Senate Judiciary Committee Chairman Patrick Leahy (D-Vt.) and Senator Rand Paul (R-Ky.) introduced bipartisan legislation Wednesday to allow judges greater flexibility in sentencing federal crimes where a mandatory minimum punishment is considered unnecessary.
The bipartisan Justice Safety Valve Act of 2013 expands the so-called “safety valve” that allows judges to impose a sentence below the mandatory minimum in qualifying drug cases to all federal crimes. By giving judges this greater flexibility, they will not be forced to administer needlessly long sentences for certain offenders, which is a significant factor in the ever-increasing Federal prison population and the spiraling costs that steer more and more of the justice budget toward keeping people in prison, rather than investing in programs that keep our communities safe.
“As a former prosecutor, I understand that criminals must be held accountable, and that long sentences are sometimes necessary to keep criminals off the street and deter those who would commit violent crime,” Leahy said. ”Our reliance on mandatory minimums has been a great mistake. I am not convinced it has reduced crime, but I am convinced it has imprisoned people, particularly non-violent offenders, for far longer than is just or beneficial. It is time for us to let judges go back to acting as judges and making decisions based on the individual facts before them. A one-size-fits-all approach to sentencing does not make us safer.”
Paul said that “Our country’s mandatory minimum laws reflect a Washington-knows-best, one-size-fits-all approach, which undermines the Constitutional Separation of Powers, violates the our bedrock principle that people should be treated as individuals, and costs the taxpayers money without making them any safer. This bill is necessary to combat the explosion of new federal criminal laws, many of which carry new mandatory minimum penalties.”
The federal prison budget has grown by nearly $2 billion in the last five years, and the increasing financial demand means less money for police on the streets and funding for crime prevention programs, as well as prisoner reentry programs that seek to avoid repeat offenders. The Judiciary Committee heard testimony last year on the costs of rising prison populations, and innovative ways that states including Vermont have adopted sentencing reforms and other policy changes to address the issue and ultimately prevent crime.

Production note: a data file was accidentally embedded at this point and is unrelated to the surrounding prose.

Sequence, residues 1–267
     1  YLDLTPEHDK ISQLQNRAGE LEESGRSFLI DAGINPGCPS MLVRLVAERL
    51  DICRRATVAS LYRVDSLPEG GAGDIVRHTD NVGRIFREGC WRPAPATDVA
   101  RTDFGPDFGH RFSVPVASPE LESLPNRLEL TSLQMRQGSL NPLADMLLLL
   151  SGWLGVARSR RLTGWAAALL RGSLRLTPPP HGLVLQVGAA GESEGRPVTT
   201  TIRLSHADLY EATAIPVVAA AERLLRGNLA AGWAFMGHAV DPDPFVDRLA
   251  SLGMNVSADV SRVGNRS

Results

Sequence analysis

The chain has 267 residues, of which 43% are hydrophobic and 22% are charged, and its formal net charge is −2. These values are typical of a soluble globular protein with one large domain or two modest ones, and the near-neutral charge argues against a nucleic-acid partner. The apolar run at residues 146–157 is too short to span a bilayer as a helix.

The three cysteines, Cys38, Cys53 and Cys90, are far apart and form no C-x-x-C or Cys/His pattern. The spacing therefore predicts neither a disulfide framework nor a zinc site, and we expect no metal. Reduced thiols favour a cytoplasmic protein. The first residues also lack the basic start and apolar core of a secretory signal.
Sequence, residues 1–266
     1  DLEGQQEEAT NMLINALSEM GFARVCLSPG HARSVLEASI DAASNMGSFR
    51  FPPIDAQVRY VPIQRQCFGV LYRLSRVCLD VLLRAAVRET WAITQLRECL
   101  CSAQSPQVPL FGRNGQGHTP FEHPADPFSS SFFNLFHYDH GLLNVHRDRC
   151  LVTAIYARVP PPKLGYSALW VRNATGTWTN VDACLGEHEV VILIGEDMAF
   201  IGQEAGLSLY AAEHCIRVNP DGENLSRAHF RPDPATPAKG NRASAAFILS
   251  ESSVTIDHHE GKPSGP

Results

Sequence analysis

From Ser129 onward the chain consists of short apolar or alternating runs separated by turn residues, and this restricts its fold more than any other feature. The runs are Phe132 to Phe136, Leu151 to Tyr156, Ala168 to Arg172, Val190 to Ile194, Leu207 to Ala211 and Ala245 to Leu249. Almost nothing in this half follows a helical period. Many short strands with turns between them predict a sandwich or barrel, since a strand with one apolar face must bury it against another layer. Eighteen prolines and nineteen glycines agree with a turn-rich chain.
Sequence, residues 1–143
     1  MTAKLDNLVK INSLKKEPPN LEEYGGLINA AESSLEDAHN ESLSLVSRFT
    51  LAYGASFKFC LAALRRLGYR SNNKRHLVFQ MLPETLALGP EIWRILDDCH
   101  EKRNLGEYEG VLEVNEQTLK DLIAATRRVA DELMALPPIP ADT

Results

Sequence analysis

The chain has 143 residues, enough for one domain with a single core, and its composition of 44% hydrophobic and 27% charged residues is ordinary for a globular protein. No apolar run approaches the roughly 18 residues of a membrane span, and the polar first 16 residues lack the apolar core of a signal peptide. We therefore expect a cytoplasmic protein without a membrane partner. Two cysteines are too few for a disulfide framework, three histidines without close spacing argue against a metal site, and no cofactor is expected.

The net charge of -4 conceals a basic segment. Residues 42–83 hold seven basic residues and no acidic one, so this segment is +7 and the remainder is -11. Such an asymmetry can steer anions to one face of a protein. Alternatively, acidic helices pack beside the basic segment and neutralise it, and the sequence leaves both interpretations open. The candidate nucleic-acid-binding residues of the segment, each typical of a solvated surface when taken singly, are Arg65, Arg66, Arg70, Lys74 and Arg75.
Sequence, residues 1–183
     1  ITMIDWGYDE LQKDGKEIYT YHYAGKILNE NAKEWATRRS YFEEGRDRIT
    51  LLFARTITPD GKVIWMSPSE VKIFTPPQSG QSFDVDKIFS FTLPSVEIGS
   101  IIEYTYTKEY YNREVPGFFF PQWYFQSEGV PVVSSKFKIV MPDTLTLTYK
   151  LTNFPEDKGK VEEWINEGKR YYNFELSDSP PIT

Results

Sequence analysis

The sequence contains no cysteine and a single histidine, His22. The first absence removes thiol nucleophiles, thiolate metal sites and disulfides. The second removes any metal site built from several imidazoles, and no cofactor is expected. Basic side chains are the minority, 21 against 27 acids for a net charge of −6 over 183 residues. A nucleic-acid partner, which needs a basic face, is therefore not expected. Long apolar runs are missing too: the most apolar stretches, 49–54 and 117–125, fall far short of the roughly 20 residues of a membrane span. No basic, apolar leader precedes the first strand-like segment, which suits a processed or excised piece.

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Statement of Senator Patrick Leahy (D-Vt.),
Chairman, Senate Judiciary Committee,
On the Introduction of S. 619, the Justice Safety Valve Act of 2013
March 20, 2013
Today I join with Senator Paul to introduce the Justice Safety Valve Act of 2013, which will start to take on the problem of the ever-increasing Federal prison population and spiraling costs that spend more and more of our justice budget on keeping people in prison thereby reducing opportunities to do more to keep our communities safe. This bill will combat injustice in Federal sentencing and the waste of taxpayer dollars by allowing judges appropriate discretion in sentencing.
As a former prosecutor, I understand that criminals must be held accountable, and that long sentences are sometimes necessary to keep violent criminals off the street and deter those who would commit violent crime. I have come to believe, however, that mandatory minimum sentences do more harm than good. As Justice Kennedy said, “In too many cases, mandatory minimum sentences are unwise and unjust.”
Currently a “safety valve” provision allows low-level drug offenders to avoid mandatory minimum penalties if certain conditions are met. The bill we introduce today would extend that safety valve to all Federal crimes subject to mandatory minimum penalties, allowing a judge to impose a sentence other than a statutorily designated mandatory sentence in cases in which key factors are present. The judge would be required to provide notice to the parties and to state in writing the reasons justifying the alternative sentence.